Shane Pomajambo, Executive Director of Art Whino gallery, has made a name for himself developing an internationally recognized network of over 1200 artists. Located in National Harbor, MD, Art Whino has won Best Art Gallery from the Washington City Paper five years running.
For some time, Shane has sought the right opportunity to establish a major artistic presence in Washington, DC. Shane has finally found that foothold right here in Southwest with Blind Whino: SW Arts Club, a joint non-profit venture between him and Ian Calendar, Creative Executive Owner of Suite Nation. Calendar is a DC-based and nationally recognized events and branding specialist who will lead innovative programming of Blind Whino. Calendar has built a successful career connecting high-quality international brands with organic cultural movements to create groundbreaking events with an educational and eye-opening flair.
Calendar and the Suite Nation team will embrace a wide-range of educational art programming at Blind Whino: SW Arts Club to the benefit of the entire Southwest community, young and old. According to Pomajambo and Calendar, SW Arts Club will exist as a “a functioning organic art space for all to share and learn through various art exhibits and events, live performances, and artist workshops.”
Charles Allen, Chief of Staff to Ward 6 Councilman Tommy Wells, commented: “Adding the SW Arts Club is another addition to the community that is building arts, culture, and learning into the neighborhood for both young and young-at-heart. The potential for an engaging arts district can be a catalyst for neighborhood-based development as we’ve seen in other parts of the ward and city.”
To see the Blind Whino building for the first time is not short of an awe-inspiring experience. The almost surreal exterior of Blind Whino hints at the type of art it will offer: murals, street art, skateboard art, stencil, wheat paste and 3D installations. Navy Yard Neighborhood Commissioner, David Garber commented: “I’m really excited about this space. Having a tenant like Blind Whino and the SW Arts Club is a huge win for Southwest because it adds a shock of color and new life to a forgotten property and turned it from a community blight to a community beacon.”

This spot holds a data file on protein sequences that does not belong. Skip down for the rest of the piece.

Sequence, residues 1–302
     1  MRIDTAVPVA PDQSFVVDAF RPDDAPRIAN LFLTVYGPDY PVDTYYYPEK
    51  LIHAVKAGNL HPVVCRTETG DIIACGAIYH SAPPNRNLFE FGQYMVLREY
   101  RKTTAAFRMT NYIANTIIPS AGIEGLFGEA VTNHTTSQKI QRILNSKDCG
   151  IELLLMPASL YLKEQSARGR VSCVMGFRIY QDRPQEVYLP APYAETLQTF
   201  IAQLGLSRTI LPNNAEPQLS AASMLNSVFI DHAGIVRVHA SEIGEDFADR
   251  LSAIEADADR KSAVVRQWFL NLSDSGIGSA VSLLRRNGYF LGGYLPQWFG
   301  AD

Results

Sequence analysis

The Blind Whino: SW Arts Club is timing its grand opening to coincide with the G40 Art Summit and the Heineken Mural Project. The theme of this year’s G40 Art Summit is “Art of Transformation,” and runs from September 13th to October 6th, with open hours Thursday and Friday evenings and weekend days. Special weekend events are planned as well, to include for the Congressional Black Caucus and hip-hop festival Rock the Bells. Heineken USA will be announcing secret pop-up parties throughout the art summit on Twitter using #heinekenmurals.
As part of its educational mission Dreaming Out Loud, a local non-profit and operator of the Aya Community Market, operates a micro-farm for neighborhood youth on the grounds surrounding Blind Whino. Chris Bradshaw Executive Director of Dreaming Out Loud said, “I think that Blind Whino has great potential to be a part of a new, inclusive Southwest future: one that brings folks of different economic backgrounds together, bridges division, and brings much needed economic opportunity for low-income community members. I think there’s a lot of synergy in using these two mediums to make use of forgotten spaces.”
Julia Christian, co-owner of the new Anacostia Playouse, said, “I’m excited to see such a broad array of arts-based development coming to fruition in SW. I have seen first hand the positive, catalytic role that the arts can play in responsible, community driven economic development.”
The capital already has incredible art museums scattered city-wide, but Blind Whino and the nearby Mera Rubell-led Randall School modern art center redevelopment have the potential to turn this threadbare stretch of Southwest into a concentrated arts community attracting the nation’s best up-and-coming artists.
By: Sam Marrero